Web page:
Perhaps The Last Yibbum in History

A personal perspective about a grandmother who was a yavamah.

My grandmother, Hannah Bahar, was a yevamah. My grandfather, Sallah Bahar, was a yavam.

The Barren One

My grandmother was born in Baghdad around 1908. Her parents were Hacham Ya’akov and Rahel Gubbay. She was one of ten children. When my grandmother was only seven, her father passed away. A year later her family moved to Bombay, India. She went to school in Bombay until the age of seventeen. My grandfather was born in Baghdad in 1905. His parents were Yehezkel and Chatoon Bahar. He was one of eight children. He had three older brothers: Gurgi, Abdula, and Shaul. His family also moved to Bombay.

At the age of seventeen, Hannah Gubbay married Gurgi Bahar. Tragically, the marriage did not last long. After less than two years of marriage, Gurgi died. There were no children. This brought great shame to Hannah, who was known as “the barren one.”

The Commandment of Yibbum

As Jewish law dictates, when a married man dies without children, one of the brothers of the deceased is obligated to take the wife of his brother as his wife. This is called the mitzvah of yibbum. If none of the brothers chooses to marry the deceased brother’s wife, she must be freed to marry other men through the process called halitza. In Ashkenazi circles it became the practice to prefer or even only to permit halitza because of the concern that the involved parties might not be capable of fulfilling the mitzvah with the proper intentions (see discussion in the Shulhan Arukh Even Ha’ezer 168:1).

However, Sephardic or Edot Mizrah circles had a different practice, adhering to the original Torah law of preferring yibbum, and this was so in Hannah’s case. “Granny,” as many of her grandchildren lovingly called her, later related that her family did not even entertain the possibility of doing halitza because it would have been a big embarrassment.

Gurgi’s brother Abdula was willing to take Hannah as his wife, but he already had one wife, and Hannah, with the support of her mother Rahel, was not interested in being anyone’s second wife. However, one of Gurgi’s other brothers, Sallah, was unmarried, and he too was prepared to take Hannah as his wife. To this Hannah agreed. And so in 1926, Sallah performed the mitzvah of yibbum by taking Hannah, his deceased brother’s wife, to be his yevamah and wife. At the end of 1927 Hannah, previously known as “the barren one,” gave birth to a son.

Naming The First Born Son

Though it seems that the Torah obligates the yavam and the yevamah to name the first son after the deceased brother (see Deuteronomy 25:6), according to the rabbinic interpretation no such obligation exists and this is codified in the Shulhan Arukh (Even Ha’ezer 166:5).

Nonetheless, Hannah and Sallah’s first-born son was named Gurgi (Victor) for Sallah’s deceased brother, Hannah’s deceased husband. Over the years Hannah and Sallah added Jack, Yehezkel, Nissim, Shirley, Elaine (my mother), Isaac, David, Rochelle, and Immanuel to the family: ten children in all–seven boys and three girls.

In Tefillat Shaharit in the Siddur of Edot Mizrah the prayer are prefaced by (among other things) Tefillat Hannah— Hannah’s prayer. The biblical Hannah had no children and prayed very devoutly until God gave her a son, whom she returned to God to serve in the Mishkan. This son grew up to be Shmuel Hanavi–the prophet Samuel. Hannah’s intense prayers to God for a child and her vow to God that the child born will be given over to God’s service are recorded in the Book of Samuel (Samuel I, 1:10-11). Tefillat Hannah (Samuel I, 2:1-10) is the thanksgiving prayer she recited after she gave birth to Shmuel.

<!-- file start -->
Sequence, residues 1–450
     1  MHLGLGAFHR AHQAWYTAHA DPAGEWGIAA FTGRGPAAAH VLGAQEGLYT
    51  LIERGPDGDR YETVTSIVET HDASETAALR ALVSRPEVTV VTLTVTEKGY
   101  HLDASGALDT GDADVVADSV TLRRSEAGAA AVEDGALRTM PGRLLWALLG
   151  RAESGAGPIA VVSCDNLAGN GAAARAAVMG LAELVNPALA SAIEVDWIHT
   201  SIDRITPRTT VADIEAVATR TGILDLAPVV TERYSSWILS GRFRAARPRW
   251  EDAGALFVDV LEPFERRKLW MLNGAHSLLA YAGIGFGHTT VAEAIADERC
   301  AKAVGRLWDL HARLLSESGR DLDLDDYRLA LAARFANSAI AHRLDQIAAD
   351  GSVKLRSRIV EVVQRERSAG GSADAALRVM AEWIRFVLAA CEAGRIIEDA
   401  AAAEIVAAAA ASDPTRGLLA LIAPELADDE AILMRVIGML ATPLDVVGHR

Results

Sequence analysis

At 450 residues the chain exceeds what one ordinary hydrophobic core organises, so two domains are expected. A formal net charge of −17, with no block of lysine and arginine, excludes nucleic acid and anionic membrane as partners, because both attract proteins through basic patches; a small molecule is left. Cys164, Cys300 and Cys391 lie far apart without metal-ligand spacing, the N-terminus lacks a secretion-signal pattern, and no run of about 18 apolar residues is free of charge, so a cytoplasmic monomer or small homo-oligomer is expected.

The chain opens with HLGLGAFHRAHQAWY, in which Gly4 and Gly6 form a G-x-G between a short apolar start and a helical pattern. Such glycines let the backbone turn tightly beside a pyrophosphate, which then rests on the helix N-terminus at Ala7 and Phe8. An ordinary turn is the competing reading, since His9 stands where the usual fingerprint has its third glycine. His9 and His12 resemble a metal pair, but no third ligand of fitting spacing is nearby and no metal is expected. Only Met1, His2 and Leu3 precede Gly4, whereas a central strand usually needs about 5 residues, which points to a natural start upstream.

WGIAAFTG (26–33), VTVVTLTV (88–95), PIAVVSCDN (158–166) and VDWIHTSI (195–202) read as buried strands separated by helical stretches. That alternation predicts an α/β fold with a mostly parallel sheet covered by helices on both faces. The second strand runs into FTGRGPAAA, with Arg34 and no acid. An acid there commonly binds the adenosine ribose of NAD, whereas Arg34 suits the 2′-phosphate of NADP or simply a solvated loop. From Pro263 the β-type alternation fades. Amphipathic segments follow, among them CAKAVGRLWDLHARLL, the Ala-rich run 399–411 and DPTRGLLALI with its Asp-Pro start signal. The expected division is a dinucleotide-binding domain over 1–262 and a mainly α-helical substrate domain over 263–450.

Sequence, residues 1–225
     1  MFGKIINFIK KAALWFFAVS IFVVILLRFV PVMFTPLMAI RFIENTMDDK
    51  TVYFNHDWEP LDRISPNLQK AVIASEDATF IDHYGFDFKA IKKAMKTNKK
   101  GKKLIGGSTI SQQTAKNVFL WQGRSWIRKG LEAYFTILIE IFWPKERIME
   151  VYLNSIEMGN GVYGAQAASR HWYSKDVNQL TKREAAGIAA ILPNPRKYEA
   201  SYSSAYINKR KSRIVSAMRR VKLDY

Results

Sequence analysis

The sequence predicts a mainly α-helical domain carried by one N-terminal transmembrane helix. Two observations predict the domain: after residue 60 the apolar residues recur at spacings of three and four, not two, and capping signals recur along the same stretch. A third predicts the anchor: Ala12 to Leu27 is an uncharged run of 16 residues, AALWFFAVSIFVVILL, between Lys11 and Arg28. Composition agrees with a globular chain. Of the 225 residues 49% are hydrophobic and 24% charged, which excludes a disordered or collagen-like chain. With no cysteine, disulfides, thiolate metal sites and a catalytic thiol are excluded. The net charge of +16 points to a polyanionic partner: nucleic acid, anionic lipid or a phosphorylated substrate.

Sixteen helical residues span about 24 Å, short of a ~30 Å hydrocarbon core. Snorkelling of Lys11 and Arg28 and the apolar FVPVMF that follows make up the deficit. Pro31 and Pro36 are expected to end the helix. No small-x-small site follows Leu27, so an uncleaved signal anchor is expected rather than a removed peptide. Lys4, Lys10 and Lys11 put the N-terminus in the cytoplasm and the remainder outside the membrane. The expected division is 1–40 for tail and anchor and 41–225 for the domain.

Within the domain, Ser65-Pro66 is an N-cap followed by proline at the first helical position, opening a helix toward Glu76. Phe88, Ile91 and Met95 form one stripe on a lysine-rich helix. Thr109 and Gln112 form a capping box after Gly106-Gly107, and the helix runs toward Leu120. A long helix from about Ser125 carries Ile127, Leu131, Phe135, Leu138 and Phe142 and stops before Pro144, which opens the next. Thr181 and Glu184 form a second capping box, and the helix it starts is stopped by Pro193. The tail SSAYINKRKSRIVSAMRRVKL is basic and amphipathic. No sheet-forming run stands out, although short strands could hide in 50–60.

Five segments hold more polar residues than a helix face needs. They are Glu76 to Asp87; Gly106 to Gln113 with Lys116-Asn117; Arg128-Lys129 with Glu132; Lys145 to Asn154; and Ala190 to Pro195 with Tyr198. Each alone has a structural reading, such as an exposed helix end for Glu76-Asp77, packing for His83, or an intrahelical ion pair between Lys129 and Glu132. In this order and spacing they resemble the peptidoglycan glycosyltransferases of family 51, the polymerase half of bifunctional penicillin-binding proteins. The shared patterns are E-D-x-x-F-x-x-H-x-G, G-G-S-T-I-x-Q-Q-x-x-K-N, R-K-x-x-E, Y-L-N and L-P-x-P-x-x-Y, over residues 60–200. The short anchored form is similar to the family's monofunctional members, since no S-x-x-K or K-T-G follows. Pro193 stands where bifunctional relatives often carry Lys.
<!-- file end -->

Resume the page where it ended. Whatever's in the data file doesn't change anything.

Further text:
A Narrative from the Past

In Samuel I 2:5, Hannah says, ”She who was barren gave birth to seven,” and the Sages interpret this verse as referring to Hannah (see Yalkut Shimoni Shmuel 89), although it actually seems to contradict Samue l I 2:21. Hannah Bahar identified completely with the biblical Hannah and always recited Tefillat Hannah with great devotion. She saw herself as “the barren one” like the biblical figure, and she too had then given birth to seven; that is, to seven sons.

In 1968 Hannah lost Sallah, her second husband and the father of her ten children. The following year she left Bombay and moved to Toronto where she lived out her remaining years close to several of her children. There she wrote very special poetry that highlighted her close relationship to God throughout her life ordeals: losing her father at a young age, losing her first husband, and then losing her second husband. Remarkably, despite the odd and unfortunate circumstances of their marriage, Hannah loved Sallah dearly as she expressed in the following poem:

My Feeling for My Beloved

Even though you are gone,
I see you everywhere,
Face to face,
I can hear you join me in my laughter;
Once I felt your palm inside my palm,
To push me, alone, gleefully on my travels.
Would God you were with me,
My life would have been richer!
With a stronger heart I would have braved
a thousand taunts,
But you by my side, no one would dare
And if they did, who would care?
I miss you by night
I miss you by day
I miss you all the while
I miss you even when I say my prayers,
In sadness and in happiness I miss you my dear.

Hannah Bahar passed away on the 17th day of Tammuz in 5752 (1992). Her legacy is her children, grandchildren, great-grandchildren and the close relationship with God that she nurtured through her prayers and poetry.

Reprinted with permission from JOFA, the Jewish Orthodox Feminist Alliance.

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